positive Black role models.

AllHipHop.com: How do you get up every morning and say “I’m gonna be

positive all day”? Do you ever have [bad] days?

Terrence J: Yeah, I definitely have those days. For me, it’s a couple of

things, God has really been a big part of my life, especially recently I’ve really

been getting into it, and He’s been a part of my life. I have a small family,

but I have a strong, small family that’s really been my support system. I’m in

a fraternity and my frat brothers of Omega Psi Phi and my whole family at BET

has really been supportive of things that are going on in my life.

 

I’m going on my

25th birthday this year, for a Black man… they don’t make it to 25. Like Biggie

said “Either you’re slanging crack

rock or you got a wicked jumpshot” and that happens in the hood so

much. A lot of times I wake up like, “I’m able to make a living for myself and

I don’t have to do either one of those things, I’m just really blessed.” I hope

the blessings last forever, but in case they don’t I want everyone around me

that’s a part of my life to experience those blessings as well.

 

I don’t really

play into none of the negative energy, when people say negative stuff I don’t

really care. When I look on the blog sites and they say “He’s corny, he’s

wack” I love it, because people are talking, and if people are talking

then hopefully they can see some of the good stuff I’m doing and that’ll rub

off on them as well. All I try to do is stay positive, and people like you and

AllHipHop keep me motivated. [laughs]

AllHipHop.com: You’ve had a chance to grow with 106 & Park the last couple of years. Do you feel like you’ve

become an institution for the show, and along that line, do you want people to

remember you with some of the greats?

Terrence J: Yeah, I’d be lying if I said I didn’t want to be remembered as one

of the greats, but it’s not as important to me to be remembered for what I do

on camera as it is for the things that I do off camera and the lives that I

affect, and the people that I’m able to touch, influence and reach off camera.

That’s what’s really important to me. As far as any comparisons to anybody that

came before me, me and Rocsi are establishing ourselves as an institution for a

totally new generation and you can’t get it twisted.

 

You can’t

compare Usher to Luther Vandross, it’s two different time frames and societies.

I look up to AJ & Free and Big Tigger because when I was in high school and

middle school those was the people I looked up to. I looked up to Puffy and

Jay-Z, these kids nowadays look up to Lil’ Wayne and Chris Brown. If I’m lucky

and blessed, maybe one day these kids will look up when me and Rocsi are gone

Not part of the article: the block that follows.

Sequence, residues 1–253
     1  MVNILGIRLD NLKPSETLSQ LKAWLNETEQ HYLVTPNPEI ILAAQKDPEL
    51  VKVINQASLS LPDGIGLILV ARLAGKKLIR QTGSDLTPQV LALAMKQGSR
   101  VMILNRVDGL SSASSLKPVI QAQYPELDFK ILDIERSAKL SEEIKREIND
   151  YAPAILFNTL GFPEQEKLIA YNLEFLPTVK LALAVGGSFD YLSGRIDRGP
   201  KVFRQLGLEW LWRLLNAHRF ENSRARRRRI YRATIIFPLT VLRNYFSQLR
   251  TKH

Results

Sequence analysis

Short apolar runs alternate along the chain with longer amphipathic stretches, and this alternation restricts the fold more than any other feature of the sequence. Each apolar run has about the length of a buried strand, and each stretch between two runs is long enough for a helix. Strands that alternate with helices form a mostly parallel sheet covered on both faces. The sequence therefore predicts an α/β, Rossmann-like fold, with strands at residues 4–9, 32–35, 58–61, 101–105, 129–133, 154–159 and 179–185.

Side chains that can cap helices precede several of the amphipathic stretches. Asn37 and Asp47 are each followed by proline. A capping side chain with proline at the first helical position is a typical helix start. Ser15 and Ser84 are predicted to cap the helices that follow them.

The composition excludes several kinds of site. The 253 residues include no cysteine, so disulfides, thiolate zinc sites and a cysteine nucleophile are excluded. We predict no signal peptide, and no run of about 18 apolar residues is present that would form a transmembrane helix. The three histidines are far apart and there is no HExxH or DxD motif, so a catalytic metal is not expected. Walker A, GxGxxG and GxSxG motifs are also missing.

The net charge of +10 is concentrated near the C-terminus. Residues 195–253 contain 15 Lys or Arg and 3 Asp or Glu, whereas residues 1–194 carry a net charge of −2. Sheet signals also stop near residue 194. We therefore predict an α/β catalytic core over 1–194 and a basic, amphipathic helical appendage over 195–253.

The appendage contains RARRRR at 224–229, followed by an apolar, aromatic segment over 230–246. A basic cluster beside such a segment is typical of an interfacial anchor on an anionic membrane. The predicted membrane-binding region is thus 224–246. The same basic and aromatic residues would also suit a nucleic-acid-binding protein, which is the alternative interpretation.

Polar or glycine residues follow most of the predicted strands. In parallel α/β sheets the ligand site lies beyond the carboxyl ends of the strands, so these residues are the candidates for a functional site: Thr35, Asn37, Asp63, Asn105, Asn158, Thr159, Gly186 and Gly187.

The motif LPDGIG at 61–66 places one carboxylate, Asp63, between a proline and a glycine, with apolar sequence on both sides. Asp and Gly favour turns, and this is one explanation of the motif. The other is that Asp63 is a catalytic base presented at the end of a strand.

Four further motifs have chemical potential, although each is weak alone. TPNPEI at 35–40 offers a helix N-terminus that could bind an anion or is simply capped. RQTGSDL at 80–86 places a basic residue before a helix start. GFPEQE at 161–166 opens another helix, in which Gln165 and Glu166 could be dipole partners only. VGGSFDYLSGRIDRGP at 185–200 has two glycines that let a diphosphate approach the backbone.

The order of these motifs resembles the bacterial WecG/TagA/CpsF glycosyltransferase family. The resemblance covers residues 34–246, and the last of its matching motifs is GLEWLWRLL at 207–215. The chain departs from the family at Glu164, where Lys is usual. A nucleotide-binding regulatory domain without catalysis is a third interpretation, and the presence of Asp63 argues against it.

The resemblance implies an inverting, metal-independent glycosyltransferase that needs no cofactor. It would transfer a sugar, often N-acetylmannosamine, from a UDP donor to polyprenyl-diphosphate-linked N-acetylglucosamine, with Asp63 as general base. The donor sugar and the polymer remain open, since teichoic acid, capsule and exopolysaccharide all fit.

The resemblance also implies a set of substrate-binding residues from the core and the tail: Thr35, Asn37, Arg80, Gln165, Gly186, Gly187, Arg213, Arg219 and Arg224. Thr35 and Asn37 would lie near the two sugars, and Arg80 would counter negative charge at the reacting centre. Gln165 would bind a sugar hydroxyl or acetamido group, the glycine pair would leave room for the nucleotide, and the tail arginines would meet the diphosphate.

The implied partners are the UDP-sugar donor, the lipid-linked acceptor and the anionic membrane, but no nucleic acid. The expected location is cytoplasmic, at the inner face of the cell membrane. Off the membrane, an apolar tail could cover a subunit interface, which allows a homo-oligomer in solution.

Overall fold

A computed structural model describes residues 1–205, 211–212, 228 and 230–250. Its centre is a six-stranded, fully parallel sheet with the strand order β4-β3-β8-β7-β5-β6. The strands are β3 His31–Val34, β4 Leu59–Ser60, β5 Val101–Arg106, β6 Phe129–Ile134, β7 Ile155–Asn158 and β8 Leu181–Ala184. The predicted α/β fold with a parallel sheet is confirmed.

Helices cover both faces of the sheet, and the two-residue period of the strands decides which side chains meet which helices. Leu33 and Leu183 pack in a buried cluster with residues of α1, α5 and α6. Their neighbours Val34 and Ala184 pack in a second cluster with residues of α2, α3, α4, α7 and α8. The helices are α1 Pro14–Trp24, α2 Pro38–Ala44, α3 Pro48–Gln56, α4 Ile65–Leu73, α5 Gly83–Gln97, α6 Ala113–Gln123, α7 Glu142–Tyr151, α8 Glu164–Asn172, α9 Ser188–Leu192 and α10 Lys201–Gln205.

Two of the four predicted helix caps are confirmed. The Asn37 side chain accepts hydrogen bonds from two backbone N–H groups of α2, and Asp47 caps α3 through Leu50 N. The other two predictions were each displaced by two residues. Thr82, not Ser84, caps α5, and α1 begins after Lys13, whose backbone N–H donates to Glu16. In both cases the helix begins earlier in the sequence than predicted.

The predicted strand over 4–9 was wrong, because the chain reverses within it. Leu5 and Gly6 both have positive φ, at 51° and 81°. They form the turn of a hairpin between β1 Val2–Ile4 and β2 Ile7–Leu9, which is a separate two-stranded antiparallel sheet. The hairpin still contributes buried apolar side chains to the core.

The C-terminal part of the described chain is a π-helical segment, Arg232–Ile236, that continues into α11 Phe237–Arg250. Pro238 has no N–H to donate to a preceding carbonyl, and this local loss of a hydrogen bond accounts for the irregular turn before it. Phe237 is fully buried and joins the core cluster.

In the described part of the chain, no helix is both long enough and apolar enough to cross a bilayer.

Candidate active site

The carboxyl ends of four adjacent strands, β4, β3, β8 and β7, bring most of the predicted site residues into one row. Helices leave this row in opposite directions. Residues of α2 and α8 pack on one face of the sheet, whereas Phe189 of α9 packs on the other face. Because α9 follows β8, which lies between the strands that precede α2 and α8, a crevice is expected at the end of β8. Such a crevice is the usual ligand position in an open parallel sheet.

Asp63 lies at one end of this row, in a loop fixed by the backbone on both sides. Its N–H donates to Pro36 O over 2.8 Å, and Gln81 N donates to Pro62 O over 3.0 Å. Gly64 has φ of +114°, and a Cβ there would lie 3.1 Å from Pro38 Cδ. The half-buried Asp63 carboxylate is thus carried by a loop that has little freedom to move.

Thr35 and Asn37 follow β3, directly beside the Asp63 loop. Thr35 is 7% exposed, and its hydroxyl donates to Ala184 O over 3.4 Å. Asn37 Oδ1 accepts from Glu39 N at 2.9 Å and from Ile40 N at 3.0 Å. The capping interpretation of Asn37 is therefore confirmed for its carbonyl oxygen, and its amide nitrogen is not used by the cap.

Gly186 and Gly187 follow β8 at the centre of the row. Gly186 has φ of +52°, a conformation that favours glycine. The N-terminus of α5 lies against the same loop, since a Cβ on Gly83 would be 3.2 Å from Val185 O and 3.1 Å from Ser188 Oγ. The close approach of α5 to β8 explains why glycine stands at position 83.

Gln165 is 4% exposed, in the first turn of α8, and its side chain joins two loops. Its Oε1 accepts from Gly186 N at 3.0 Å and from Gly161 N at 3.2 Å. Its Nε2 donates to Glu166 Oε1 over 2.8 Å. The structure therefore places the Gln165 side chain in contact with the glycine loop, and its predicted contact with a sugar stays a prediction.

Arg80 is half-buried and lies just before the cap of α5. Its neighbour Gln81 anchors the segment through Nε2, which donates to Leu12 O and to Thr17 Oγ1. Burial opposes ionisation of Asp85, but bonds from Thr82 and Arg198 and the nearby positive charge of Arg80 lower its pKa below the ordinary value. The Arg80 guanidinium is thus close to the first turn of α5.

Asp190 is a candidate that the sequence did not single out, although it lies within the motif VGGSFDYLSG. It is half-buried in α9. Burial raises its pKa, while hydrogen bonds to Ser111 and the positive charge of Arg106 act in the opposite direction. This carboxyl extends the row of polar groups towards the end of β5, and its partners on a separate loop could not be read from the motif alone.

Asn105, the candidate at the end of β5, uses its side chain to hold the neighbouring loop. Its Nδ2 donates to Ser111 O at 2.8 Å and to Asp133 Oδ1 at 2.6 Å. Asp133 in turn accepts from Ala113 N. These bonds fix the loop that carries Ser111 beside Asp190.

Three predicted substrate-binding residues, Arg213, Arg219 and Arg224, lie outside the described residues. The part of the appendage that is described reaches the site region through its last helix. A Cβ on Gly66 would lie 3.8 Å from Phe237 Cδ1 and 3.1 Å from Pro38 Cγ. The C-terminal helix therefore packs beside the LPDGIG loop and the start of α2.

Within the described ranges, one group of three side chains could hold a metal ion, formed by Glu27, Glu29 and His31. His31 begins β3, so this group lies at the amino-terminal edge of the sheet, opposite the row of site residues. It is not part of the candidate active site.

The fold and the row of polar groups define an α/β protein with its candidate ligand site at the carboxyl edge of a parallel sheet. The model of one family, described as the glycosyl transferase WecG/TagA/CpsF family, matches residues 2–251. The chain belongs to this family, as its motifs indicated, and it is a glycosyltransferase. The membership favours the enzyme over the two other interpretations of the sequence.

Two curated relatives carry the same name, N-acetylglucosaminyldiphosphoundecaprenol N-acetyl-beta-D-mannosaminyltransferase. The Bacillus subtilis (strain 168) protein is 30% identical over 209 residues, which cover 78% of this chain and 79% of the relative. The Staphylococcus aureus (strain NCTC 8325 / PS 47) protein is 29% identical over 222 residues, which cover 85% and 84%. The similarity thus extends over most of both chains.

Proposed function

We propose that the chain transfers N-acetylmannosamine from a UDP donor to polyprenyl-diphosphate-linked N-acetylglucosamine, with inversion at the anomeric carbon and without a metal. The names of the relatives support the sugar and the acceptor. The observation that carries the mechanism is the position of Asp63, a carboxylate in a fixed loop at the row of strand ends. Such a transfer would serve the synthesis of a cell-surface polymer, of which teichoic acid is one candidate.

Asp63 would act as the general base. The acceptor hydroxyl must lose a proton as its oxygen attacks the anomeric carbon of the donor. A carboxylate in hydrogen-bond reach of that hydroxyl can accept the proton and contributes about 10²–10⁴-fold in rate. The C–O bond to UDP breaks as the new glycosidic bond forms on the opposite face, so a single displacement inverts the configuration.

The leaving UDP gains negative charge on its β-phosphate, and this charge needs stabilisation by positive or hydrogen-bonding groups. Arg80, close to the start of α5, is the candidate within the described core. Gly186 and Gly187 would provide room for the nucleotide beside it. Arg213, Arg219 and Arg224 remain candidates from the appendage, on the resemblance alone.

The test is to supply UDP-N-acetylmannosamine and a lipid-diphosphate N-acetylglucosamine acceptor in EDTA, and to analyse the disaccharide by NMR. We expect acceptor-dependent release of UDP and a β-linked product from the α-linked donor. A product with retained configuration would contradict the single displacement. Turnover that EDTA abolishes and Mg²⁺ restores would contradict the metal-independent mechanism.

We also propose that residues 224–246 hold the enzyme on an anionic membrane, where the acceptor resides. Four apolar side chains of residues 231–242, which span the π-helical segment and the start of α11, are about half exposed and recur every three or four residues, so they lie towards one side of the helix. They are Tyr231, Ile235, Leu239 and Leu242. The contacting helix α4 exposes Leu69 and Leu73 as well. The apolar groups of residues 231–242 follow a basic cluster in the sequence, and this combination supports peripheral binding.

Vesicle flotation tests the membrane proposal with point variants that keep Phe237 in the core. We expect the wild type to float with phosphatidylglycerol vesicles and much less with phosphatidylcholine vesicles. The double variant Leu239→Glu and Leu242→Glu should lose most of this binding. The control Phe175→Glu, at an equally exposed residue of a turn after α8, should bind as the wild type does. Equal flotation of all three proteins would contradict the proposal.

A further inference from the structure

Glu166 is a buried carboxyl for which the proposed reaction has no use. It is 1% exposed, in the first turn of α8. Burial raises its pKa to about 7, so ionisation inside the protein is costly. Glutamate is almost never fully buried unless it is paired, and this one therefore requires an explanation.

and they’ll say “I used to watch Terrence and Rocsi and they had a

positive influence on me”. That’s all I try to do. I take it one day at a

time, but I’m trying to get remembered for having more kids go to college

because I gave them some words of wisdom that they can live by. Those are the

things that I wanna get remembered by.

AllHipHop.com: 106 & Park

initially started out a lot more R&B oriented with celebrities [without] as much Hip-Hop incorporated, because Rap City was so strong. [Now] 106 & Park has picked up a lot of

slack where Hip-Hop is concerned. Do you feel that that’s been a good move for

the show, or do you feel that it’s convoluted what the show was about

initially?

Terrence J: First of all big ups to Rap

City, Rap City is an institution.

On BET that was our first Hip-Hop dedicated show, so big ups to them, because

they’ve done an outstanding job. As far as what you said today, time changes

and pop culture changes. The difference between 106 & Rap City or any

other show is 106 is truly a people’s

show. 106 is a Top 10 video countdown

show, and because we say it so much it gets diluted – but it is voted on, it is

what the people vote on. So if R&B is the movement at the time, then that’s

what’s gonna be on the countdown. If crunk comes back strong, all 10 videos

might be crunk two months from now.

 

We roll along

with the wave, and I think that’s why 106

remains on top of its game – because we are what the people vote for. I took a

step away during the holidays, but I just came back and started listening to

the music, I think right now as much as people want to scrutinize the industry

we got some real talented people out right now. When the artists slip up,

that’s when our shows slip up. Right now the industry is in a good space. Jay-Z

had a nice run, we got some great albums coming out, Fat Joe got a nice record,

it’s a lot of good records that are on the way and out right now. I think we’re

gonna be great, and that 106 is gonna

continue to maintain on top.

AllHipHop.com: Where do you see yourself in 10 to 20 years, and what’s your [personal]

goal?

Terrence J: You’re supposed to always be better than your father was, and your

father was supposed to be better than your grandfather was. Before Puffy there

was no Puffy, before Jay there was no Jay-Z, even the younger guys like Nick

Cannon, who’s in a space by himself. There’s really no spaces that existed

before they put themselves in the spaces that they’re in now. So for somebody

like me who has all of those people as mentors in the game, I definitely plan

on elevating myself to a whole ‘nother level, and I don’t think there are any

boundaries.

 

I’m a college

educated businessman, and I’m going to continue to do the business aspect of

things. I’ve been blessed with at least a smidgen of talent on the

entertainment side. I’m gonna continue to have fun and do the acting thing,

hopefully put out and produce some more TV shows. I found so much talent on

Wild Out Wednesdays and Freestyle Fridays, so hopefully I can be in a postion

where I can put out talent and make other people stars. I can see myself as a

hybrid between Puffy, Ryan Seacrest and Will Smith. [laughs] I don’t know what

that means, but I’m gonna be all of the above, and who knows… maybe Barack one

day too.